As more fintech players are entering the market and competing with international and domestic players, consumers stand to gain from this stiff competition. Various companies venturing into the business of payment platforms are offering consumers attractive deals and discounts by collaborating with popular brands. Right from offering cashback to flat discounts on purchases and free movie tickets, digital payment platforms are constantly trying to win market share by having consumers levitate towards them through these offers. This, in turn, has increased the amount consumers are spending online, boosting online sales even further, thereby boosting eCommerce as a whole.
Fintech lending companies are now providing zero percent interest on online loans right at checkout to help consumers buy big tickets items at a go. This has helped consumers make purchases they would otherwise have planned and saved for a long time. By giving people the freedom to make purchases without worrying about the cost and ways to fund their purchases, fintech lending companies have not only boosted eCommerce but in its own way has also introduced financial discipline into the lives of consumers.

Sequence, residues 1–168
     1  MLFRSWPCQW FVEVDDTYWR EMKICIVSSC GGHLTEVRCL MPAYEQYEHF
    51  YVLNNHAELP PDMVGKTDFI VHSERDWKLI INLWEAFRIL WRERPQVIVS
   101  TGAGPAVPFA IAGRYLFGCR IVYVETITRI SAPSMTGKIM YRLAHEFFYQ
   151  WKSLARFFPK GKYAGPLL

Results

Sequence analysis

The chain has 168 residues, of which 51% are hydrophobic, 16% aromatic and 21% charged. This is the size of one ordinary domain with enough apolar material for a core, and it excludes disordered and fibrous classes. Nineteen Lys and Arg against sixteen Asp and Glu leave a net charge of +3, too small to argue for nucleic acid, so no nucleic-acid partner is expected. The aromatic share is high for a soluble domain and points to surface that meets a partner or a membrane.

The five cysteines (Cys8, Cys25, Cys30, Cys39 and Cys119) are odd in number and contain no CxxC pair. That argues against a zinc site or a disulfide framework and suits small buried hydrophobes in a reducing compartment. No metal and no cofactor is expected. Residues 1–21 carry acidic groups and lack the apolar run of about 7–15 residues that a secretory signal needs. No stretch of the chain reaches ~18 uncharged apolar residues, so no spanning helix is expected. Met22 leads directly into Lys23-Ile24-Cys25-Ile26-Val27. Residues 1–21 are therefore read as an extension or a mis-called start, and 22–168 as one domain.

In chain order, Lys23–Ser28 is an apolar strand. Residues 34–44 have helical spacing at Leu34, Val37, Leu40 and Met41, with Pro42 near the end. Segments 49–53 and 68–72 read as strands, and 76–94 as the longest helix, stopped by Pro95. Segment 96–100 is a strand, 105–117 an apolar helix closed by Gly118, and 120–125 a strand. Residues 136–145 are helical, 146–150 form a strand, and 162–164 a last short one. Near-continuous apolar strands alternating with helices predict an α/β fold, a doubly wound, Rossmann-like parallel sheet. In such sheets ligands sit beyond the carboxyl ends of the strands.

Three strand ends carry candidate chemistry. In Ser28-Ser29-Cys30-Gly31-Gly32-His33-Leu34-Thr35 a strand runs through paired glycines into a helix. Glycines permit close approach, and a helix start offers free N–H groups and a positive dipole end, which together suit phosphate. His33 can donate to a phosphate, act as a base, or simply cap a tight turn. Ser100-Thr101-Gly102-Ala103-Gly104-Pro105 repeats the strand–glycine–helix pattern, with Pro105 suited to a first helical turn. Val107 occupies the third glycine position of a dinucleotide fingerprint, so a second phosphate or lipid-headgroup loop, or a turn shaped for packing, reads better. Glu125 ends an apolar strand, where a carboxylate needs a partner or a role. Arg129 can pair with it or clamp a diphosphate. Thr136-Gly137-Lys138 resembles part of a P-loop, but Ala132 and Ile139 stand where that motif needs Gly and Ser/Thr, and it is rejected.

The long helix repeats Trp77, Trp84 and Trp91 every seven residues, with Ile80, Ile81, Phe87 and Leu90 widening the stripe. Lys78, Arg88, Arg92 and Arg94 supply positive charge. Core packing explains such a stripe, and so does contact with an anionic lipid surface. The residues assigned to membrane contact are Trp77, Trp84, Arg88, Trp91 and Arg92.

Last but not the least, one of the biggest impacts of fintech on eCommerce is its ability to collect information of numerous consumers through various apps and services. They then run this data through analytics and AI algorithms to identify buying patterns of consumers thereby directing targeted ads towards them, based on their previous purchase patterns. This again has increased sales as consumers are more likely to buy something that they have already viewed online and shown interest in by, say, adding an item to a ‘Wishlist’. Fintech companies are now selling these data-rich reports and analytics to third parties who can benefit from these consumer insights and provide better and more targeted products and services.
As we can see, fintech companies have been adding quite a lot of value to the eCommerce scenario. As the industry continues to evolve and innovate it will surely impact the eCommerce industry at a much larger scale, in the near future.